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Harry, So sorry to hear of the passing of your wife.  I’m also sorry that I never got to know her because if she was anything like you, I’m sure she was pretty special.  Please know that you and your family will be in my thoughts and prayers.  May God’s love be with you my friend.

By Greg Garvin on 10.04.2018

From the entry: 'Judith “Judy” Carolyn Buckley Rich'.

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What is the BOE’s proficiency goal for English and mathematics and what is the time frame for achieving the goal? That is news citizens want.

Then too, how can citizens at large get involved to honor and to encourage students who improve, and what of a similar nature could be done to give special recognition to outstanding teachers who contribute to improved learning for English and math?

By Positive Changes Made By New BOE on 10.04.2018

From the entry: 'Balanced Scorecard Released Outlining School Performance In Gilmer County'.

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The BOE and Mrs Lowther deserve high praise for disclosing proficiency information to the public.

It is the first time since 2011 anything like this has happened.

We still do not know about results for science, and it is understood that Charleston is still “working” on it.

Now we know our serious shortcomings in math and English and there is new hope for burrowing out of the mess with everyone in Gilmer working together.

By Thanks Gilmer BOE on 10.03.2018

From the entry: 'Balanced Scorecard Released Outlining School Performance In Gilmer County'.

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Well, dear citizen… sometimes the local ‘law’ gets it wrong.  #truth #JusticeForGilmer

By Transparency matters on 09.30.2018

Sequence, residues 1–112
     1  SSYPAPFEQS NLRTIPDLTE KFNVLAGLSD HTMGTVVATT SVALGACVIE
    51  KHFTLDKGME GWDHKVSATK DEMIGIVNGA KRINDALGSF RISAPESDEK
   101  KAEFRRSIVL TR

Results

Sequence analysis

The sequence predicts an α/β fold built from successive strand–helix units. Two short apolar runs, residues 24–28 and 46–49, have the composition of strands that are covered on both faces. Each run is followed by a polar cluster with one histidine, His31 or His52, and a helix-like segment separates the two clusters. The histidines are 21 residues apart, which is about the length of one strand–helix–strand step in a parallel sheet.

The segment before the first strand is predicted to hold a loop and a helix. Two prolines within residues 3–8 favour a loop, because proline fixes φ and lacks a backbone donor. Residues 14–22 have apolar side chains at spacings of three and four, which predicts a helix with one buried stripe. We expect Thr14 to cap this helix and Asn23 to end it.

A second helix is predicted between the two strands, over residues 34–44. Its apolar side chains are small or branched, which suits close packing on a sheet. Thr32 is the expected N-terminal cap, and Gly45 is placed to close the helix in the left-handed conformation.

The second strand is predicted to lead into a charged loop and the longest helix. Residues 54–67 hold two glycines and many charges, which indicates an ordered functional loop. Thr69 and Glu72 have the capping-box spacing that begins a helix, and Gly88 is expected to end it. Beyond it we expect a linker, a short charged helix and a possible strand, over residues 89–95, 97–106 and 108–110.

From the entry: '33 charged in methamphetamine distribution operations in Harrison, Marion, and Monongalia Counties'.

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Soooo…...why do we never see a big drug bust in Gilmer?
With the college and others, there are plenty sources.
Seems strange?

By citizen 3 on 09.23.2018

From the entry: '33 charged in methamphetamine distribution operations in Harrison, Marion, and Monongalia Counties'.

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If you access http://www.mywvschool.com it is evident that some schools outpace others for math and English.

For examples look at data for Lizemore Elementary in Clay County, Alum Creek Elementary in Kanawha County, Rock Branch Elementary in Putnam county, and Greenmont Elementary in Wood County.

Gilmer BOE why not assign someone to evaluate what is being done at those school and others to make them State standouts and to apply lessons learned to our elementary schools?

The same applies to learning from others regarding how to get high marks at GCHS.

By Learn What Works From Others on 09.23.2018

From the entry: 'WV and Area Counties Balanced Scorecard for School Year 2017-2018'.

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I have not read anyone blaming our teachers.  Quite the contrary.
There have been some well thought out comments submitted too.
I am old enough to remember when we had few issues about quality education.

Forget Charleston? Better not.
Believe we are still in their “probation” period.
You better check out just what that means.

By GC--still on state probation? on 09.22.2018

From the entry: 'G-ICYMI™: Wood County Schools exceeds state test averages'.

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Why not go for it on our own and use the tried and widely accepted Iowa Test of Basic Skills to evaluate learning proficiency of our children?

It is the longest running test in America and it goes back to 1936.

One outcome of using the test is that each grade would be evaluated and compared to performances to schools in other parts of America.

We would probably have to go through hoop jumps of the State’s everchanging testing too.